FTH is a service provider for the following grants:
School Improvement Grants
According to the U.S. Department of Education, School Improvement Grants (SIGs), authorized under section 1003(g) of Title I of the Elementary and Secondary Education Act of 1965 (ESEA), are grants to state educational agencies (SEAs) that SEAs use to make competitive subgrants to local educational agencies (LEAs) that demonstrate the greatest need for the funds and the strongest commitment to use the funds to provide adequate resources in order to substantially raise the achievement of students in their lowest-performing schools.
Grants are awarded to states that agree to implement one of four school intervention models—transformation, turnaround, restart, or closure—in their lowest-performing schools. Each of the models prescribed specific practices designed to improve student outcomes.
Gaining Early Awareness and Readiness for Undergraduate Programs
According to the U.S. Department of Education, This discretionary grant program is designed to increase the number of low-income students who are prepared to enter and succeed in postsecondary education. GEAR UP provides six-year grants to states and partnerships to provide services at high-poverty middle and high schools. GEAR UP grantees serve an entire cohort of students beginning no later than the seventh grade and follow the cohort through high school. GEAR UP funds are also used to provide college scholarships to low-income students.
GEAR UP offers state and partnership grants. State grants are competitive six-year matching grants that must include both an early intervention component designed to increase college attendance and success and raise the expectations of low-income students and a scholarship component. Partnership grants are competitive six-year matching grants that must support an early intervention component and may support a scholarship component designed to increase college attendance and success and raise the expectations of low-income students.
A part of the No Child Left Behind Act of 2001
This program provides financial assistance through state educational agencies (SEAs) to local educational agencies (LEAs) and public schools with high numbers or percentages of poor children to help ensure that all children meet challenging state academic content and student academic achievement standards.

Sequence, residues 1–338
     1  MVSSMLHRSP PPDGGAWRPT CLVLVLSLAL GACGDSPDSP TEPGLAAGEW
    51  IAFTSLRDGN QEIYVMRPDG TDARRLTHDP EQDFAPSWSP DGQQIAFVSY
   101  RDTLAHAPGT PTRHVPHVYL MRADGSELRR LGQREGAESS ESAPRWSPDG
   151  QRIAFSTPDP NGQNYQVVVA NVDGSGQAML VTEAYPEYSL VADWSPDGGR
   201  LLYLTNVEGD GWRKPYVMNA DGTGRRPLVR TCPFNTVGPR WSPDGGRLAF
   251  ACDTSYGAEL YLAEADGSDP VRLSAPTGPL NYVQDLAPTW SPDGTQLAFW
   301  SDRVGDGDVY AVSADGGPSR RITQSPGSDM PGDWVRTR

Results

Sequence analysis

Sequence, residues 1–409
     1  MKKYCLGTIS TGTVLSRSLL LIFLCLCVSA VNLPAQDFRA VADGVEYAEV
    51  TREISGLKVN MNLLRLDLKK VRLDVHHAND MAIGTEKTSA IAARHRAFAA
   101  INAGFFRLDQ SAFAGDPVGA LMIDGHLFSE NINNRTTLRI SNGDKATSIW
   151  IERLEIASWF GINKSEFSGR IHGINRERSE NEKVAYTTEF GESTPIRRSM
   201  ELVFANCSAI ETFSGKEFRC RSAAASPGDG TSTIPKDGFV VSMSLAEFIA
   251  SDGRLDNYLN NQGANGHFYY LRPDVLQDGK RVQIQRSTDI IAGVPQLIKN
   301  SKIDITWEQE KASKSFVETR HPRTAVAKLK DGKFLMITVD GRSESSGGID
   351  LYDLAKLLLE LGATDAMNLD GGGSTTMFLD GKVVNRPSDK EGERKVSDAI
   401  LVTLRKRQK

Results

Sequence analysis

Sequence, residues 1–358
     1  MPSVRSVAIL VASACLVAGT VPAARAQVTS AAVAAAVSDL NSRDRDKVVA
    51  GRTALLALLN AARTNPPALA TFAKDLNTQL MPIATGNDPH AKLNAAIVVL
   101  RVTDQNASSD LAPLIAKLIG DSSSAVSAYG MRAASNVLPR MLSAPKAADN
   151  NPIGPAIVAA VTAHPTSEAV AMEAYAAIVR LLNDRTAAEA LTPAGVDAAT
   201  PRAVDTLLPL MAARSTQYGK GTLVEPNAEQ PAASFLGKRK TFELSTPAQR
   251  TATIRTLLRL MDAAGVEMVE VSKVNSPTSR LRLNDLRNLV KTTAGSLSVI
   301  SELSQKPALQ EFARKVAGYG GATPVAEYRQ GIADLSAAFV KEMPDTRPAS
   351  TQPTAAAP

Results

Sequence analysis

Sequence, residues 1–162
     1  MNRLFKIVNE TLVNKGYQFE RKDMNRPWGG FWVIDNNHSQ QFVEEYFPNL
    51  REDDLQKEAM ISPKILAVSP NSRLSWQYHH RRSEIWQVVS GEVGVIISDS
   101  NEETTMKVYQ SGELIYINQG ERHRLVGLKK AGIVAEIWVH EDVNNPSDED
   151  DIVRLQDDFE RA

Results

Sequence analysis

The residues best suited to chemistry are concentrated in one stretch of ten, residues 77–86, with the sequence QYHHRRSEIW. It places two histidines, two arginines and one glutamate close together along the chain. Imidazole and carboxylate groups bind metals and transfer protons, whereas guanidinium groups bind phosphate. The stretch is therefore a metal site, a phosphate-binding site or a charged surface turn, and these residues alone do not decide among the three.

Title I is designed to help students served by the program to achieve proficiency on challenging state academic achievement standards. Title I schools with percentages of low-income students of at least 40 percent may use Title I funds, along with other federal, state, and local funds, to operate a "schoolwide program" to upgrade the instructional program for the whole school. Title I schools with less than 40 percent low-income students or that choose not to operate schoolwide programs offer a "targeted assistance program" in which the school identifies students who are failing, or most at risk of failing, to meet the state's challenging academic achievement standards. Targeted assistance schools design, in consultation with parents, staff, and district staff, an instructional program to meet the needs of those students. Both schoolwide and targeted assistance programs must use instructional strategies based on scientifically based research and implement parental involvement activities.
Under Title I, local educational agencies (LEAs) are required to provide services for eligible private school students, as well as eligible public school students. In particular, section 1120 of Title I, Part A of the Elementary and Secondary Education Act, as amended by the No Child Left Behind Act, requires a participating LEA to provide eligible children attending private elementary and secondary schools, their teachers, and their families with Title I services or other benefits that are equitable to those provided to eligible public school children, their teachers, and their families. These services must be developed in consultation with officials of the private schools. The Title I services provided by the LEA for private school participants are designed to meet their educational needs and supplement the educational services provided by the private school.
SOURCE: National Center for Education Statistics by way of U.S. Department of Education. Office of Elementary and Secondary Education, Office of State Support. (2015). Improving Basic Programs Operated by Local Educational Agencies (Title I, Part A).